has just started: the SITLA exchange, the San Rafael Swell 
Recreation Area Management Plan, Jurassic National Monument 
Management Plan. Given your shortage of resources and the many 
things that you have to do, can you see a path forward to put 
the resources into these management plans and the SITLA 
    Secretary Bernhardt. Let me tell you what I have done 
    Shortly after the bill was signed into law, I sent an order 
to all of our bureau directors, demanding the following: that 
we go through the statute, look at those provisions that were 
in it, identify those provisions that needed some sort of 
implementation. And they gave me the overall list a while ago.
    And then I asked them to go back and develop an 
implementation plan for each of those priority items. I think 
that had a deadline of day 60, which would probably be the 22nd 
of this month.
    What I can do is come talk to you or visit with you after I 
get that on the 22nd. Because I think we will have a plan, and 
we will get it done.
    Mr. Curtis. Thank you, I appreciate that. SITLA alone 
represents millions of dollars in these exchanges for our 
schools in Utah, and is just really critical. Thank you for 
    Secretary Bernhardt. I know how important it is.
    Mr. Curtis. Yes, thank you for your special attention to 
    We have kind of a really unique situation in Carbon County. 
The Bureau of Reclamation--8 years ago there were some homes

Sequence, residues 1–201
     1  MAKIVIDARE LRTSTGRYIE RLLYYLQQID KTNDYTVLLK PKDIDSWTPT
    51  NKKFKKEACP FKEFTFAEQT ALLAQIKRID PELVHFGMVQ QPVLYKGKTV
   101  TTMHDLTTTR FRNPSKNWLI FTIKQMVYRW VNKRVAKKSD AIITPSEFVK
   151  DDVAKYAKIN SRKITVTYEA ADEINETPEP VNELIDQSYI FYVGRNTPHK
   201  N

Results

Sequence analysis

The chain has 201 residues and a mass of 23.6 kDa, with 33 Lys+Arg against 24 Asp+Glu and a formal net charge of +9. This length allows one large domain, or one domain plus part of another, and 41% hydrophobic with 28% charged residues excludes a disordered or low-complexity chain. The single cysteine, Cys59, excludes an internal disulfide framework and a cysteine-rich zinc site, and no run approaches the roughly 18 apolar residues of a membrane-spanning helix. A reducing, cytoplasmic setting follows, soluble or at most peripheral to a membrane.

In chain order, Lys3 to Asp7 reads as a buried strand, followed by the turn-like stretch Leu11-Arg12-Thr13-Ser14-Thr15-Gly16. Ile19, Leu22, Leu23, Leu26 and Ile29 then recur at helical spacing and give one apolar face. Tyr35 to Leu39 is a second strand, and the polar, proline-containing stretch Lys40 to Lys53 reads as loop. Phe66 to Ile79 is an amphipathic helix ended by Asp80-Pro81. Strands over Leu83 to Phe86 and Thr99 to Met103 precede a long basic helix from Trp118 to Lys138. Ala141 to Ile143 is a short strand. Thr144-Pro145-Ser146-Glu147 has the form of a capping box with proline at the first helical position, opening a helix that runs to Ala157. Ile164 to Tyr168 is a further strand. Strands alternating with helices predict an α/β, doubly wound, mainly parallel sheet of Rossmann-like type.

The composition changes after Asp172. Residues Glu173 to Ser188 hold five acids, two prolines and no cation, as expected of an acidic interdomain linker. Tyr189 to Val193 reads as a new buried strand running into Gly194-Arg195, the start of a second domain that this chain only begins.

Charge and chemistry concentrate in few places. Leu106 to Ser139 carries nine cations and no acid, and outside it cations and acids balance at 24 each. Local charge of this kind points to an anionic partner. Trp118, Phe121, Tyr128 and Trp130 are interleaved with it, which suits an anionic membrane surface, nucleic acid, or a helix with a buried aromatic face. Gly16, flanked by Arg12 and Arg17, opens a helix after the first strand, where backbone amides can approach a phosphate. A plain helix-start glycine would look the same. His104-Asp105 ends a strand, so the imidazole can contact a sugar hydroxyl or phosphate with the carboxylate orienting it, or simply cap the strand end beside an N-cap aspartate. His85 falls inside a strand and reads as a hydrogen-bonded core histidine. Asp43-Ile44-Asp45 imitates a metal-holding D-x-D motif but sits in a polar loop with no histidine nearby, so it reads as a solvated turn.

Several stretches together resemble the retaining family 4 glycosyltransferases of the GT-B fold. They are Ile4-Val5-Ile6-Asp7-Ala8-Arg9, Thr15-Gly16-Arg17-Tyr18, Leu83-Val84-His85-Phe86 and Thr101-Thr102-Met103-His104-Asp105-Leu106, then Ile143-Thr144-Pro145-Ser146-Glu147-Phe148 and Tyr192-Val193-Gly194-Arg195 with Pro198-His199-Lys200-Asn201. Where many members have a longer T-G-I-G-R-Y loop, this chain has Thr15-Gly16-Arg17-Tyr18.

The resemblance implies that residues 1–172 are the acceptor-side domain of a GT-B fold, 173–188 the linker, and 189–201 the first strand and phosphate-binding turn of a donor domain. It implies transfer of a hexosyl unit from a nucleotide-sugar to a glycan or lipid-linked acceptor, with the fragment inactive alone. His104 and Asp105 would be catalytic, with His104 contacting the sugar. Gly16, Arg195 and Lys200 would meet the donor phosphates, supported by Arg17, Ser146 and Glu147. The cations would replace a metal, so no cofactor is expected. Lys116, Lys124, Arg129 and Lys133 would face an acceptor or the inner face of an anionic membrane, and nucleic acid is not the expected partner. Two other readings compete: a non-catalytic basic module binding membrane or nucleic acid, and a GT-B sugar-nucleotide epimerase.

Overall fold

built on the wrong spot on their property, some private cabins. 
And the bureau has been doing quiet title to take these back. 
And with the Ranking Member and Senator Romney, we sent a 
letter to thank you for your response to that letter. This may 
be down too much into the weeds for you, but I would love your 
help and attention on trying to resolve this in a way that 
doesn't destroy these cabins, if there is an answer in there 
that works both for the Federal Government and----
    Secretary Bernhardt. I will talk to Brenda about it.
    Mr. Curtis. Thank you, I appreciate that. And also, a big 
thanks to you and Superintendent Kate Cannon and the Arches for 
a very, very difficult issue, the way that has been handled. I 
think it is very important that the residents of that town feel 
listened to. Thank you for that, and for the many people in 
your organization that made that possible.
    Also, just kind of a plug to keep that forward-most in our